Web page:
Mariners Begin To Adjust Roster

The Mariners made the first move what figures to be another busy offseason for General Manager Jerry Dipoto on Monday afternoon, trading for a veteran catcher.

The M’s sent left-handed pitcher Vidal Nuno to the Los Angeles Dodgers in exchange for catcher Carlos Ruiz. Ruiz replaces Chris Iannetta, who left via free agency.

As it stands now, Ruiz and Mike Zunino will handle the catching duties at the major league level in 2017.

Ruiz will play next year at age 38. Ruiz was contributor to the Phillies 2008 World Series championship, though his most productive seasons came later from 2010-2012.

He’s always been a good on-base percentage player, with a career mark of .352. Ruiz also has a world of experience to draw upon, and should fill the role of “savvy veteran.”

The trade cost the Mariners one of their few left-handed relievers, and Dipoto will certainly address that this winter. The team has already made one move in that area, claiming LHP Dean Kiekhefer off waivers from the St. Louis Cardinals.

Kiekhefer rode the Memphis-to-St. Louis shuttle last season, appearing in 29 Triple-A games and 26 Major League games.

He was very successful for Memphis, posting a 6-1 record with a 2.08 ERA in the PCL. Included was an appearance against Tacoma at AutoZone Park on August 12th in which he earned the win with two scoreless innings of relief.

In the majors, Kiekhefer had a 5.32 ERA in 22 innings pitched. It was his first season getting big league experience.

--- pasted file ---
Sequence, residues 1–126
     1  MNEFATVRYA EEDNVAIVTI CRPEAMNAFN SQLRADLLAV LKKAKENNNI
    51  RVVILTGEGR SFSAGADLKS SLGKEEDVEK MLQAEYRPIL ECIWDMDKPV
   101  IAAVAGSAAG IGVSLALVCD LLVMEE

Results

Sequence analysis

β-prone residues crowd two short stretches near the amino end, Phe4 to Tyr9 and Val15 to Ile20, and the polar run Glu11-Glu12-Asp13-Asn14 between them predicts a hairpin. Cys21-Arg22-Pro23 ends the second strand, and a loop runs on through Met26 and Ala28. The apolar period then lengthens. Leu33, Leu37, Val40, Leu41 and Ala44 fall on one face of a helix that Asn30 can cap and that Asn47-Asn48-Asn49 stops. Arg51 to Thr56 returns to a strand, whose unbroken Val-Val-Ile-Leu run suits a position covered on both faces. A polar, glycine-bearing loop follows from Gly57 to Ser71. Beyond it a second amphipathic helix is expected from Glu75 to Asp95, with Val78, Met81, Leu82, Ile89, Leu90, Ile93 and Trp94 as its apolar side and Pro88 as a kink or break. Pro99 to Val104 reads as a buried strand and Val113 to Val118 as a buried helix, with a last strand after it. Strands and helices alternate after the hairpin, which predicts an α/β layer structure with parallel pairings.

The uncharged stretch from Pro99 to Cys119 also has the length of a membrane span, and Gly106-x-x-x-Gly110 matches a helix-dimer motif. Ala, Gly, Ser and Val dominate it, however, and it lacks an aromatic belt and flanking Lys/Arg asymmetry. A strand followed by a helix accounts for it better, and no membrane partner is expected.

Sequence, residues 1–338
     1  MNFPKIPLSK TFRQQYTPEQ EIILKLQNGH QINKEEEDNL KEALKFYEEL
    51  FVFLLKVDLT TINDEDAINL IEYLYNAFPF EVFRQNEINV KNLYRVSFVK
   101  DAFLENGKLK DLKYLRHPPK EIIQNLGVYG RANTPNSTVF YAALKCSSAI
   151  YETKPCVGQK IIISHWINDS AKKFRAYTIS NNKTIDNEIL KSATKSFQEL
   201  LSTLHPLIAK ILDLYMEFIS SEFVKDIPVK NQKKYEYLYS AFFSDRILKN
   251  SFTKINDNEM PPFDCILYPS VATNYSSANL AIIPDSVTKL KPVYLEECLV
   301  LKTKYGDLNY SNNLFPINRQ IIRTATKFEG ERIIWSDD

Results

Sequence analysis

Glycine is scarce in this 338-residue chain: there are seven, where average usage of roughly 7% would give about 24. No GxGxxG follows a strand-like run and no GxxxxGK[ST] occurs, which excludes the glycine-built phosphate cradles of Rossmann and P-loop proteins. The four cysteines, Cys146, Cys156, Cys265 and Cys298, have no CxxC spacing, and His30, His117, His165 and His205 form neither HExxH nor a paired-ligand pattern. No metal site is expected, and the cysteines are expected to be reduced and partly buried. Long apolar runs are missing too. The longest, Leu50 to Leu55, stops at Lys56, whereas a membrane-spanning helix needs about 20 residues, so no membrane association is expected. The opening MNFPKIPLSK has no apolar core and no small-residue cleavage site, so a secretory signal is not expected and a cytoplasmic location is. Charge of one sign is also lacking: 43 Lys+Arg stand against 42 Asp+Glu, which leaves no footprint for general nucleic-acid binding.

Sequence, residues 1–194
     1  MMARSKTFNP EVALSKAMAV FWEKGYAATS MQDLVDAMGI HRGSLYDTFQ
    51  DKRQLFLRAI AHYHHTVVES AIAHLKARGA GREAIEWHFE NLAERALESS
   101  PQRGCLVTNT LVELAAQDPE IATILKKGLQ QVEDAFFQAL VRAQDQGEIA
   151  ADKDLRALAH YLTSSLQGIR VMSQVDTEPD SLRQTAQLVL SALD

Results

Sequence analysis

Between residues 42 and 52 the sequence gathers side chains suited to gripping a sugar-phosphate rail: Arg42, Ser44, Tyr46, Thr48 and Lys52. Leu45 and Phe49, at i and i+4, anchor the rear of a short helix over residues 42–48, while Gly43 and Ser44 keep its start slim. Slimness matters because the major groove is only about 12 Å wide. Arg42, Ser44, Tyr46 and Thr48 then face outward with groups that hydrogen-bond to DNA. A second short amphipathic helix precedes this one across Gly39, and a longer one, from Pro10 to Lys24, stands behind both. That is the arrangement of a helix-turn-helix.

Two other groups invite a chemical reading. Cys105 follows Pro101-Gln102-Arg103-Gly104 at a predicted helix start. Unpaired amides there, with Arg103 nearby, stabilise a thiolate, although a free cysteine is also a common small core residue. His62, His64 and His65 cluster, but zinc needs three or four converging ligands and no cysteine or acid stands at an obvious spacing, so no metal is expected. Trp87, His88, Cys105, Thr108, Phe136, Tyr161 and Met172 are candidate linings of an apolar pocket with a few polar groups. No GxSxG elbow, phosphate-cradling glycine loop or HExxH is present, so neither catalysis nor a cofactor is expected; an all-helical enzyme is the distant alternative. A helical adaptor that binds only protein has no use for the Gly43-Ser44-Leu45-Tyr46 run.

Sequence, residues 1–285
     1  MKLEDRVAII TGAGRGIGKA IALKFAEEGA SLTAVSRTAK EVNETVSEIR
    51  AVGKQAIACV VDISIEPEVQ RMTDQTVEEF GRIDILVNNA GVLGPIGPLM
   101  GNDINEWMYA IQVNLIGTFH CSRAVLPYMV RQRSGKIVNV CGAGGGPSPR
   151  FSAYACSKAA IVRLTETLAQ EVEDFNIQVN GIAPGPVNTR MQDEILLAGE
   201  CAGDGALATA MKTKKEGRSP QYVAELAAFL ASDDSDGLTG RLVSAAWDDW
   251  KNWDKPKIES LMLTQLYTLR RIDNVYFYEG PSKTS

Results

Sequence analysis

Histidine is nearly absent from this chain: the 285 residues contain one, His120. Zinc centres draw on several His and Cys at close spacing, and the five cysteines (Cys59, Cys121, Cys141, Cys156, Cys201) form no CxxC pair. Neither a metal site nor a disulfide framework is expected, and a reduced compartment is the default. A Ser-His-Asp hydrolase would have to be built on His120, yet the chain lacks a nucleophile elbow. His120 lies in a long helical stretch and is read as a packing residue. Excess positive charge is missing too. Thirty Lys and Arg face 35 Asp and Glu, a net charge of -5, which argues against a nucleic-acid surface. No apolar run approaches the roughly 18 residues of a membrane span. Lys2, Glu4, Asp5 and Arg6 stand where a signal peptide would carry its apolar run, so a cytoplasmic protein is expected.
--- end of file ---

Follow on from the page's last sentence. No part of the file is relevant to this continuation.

Kiekhefer uses deception rather than overpowering stuff to get outs. He is particularly effective against left-handed batters.

He should help the Rainiers. Whether he can make the necessary adjustments to help the Mariners remains to be seen.

We’ll take a moment to honor former Rainiers lefty Matt Thornton, who announced his retirement from baseball yesterday at age 40.

Thornton was the Mariners controversial first round draft pick in 1998, when he was selected 22nd overall out of tiny Grand Valley State in Allendale, Michigan. It was a surprise first round pick – Thornton was more of a basketball player in college.

He was a project from the day the M’s drafted him: a tall, hard-throwing lefty with little pitching experience. It eventually worked out (in a pretty big way), but not until he had exhausted his minor league options with the Mariners and was traded to the White Sox for Joe Borchard in spring training, 2006.

Thornton pitched in 748 major league games over 13 seasons, settling in as a flamethrowing set-up reliever. He had a career ERA of 3.41, with 642 strikeouts in 662 innings pitched. He pitched in the 2010 All-Star Game.

With Tacoma in 2003 and 2004, Thornton was still a minor league project. He was a starter in 2004, making 16 starts and going 7-5 with a 5.42 ERA. I remember some days he looked dominant, and most days he was wild. He walked 63 batters in 83 innings.

Eventually he figured out how to command his pitches, and the long big league career followed. Congratulations to Matt.

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Check back for a new post on Thursday; we’ll do another All-Star Flashback unless Dipoto does something amazing for the Rainiers, like sign Wily Mo Pena.

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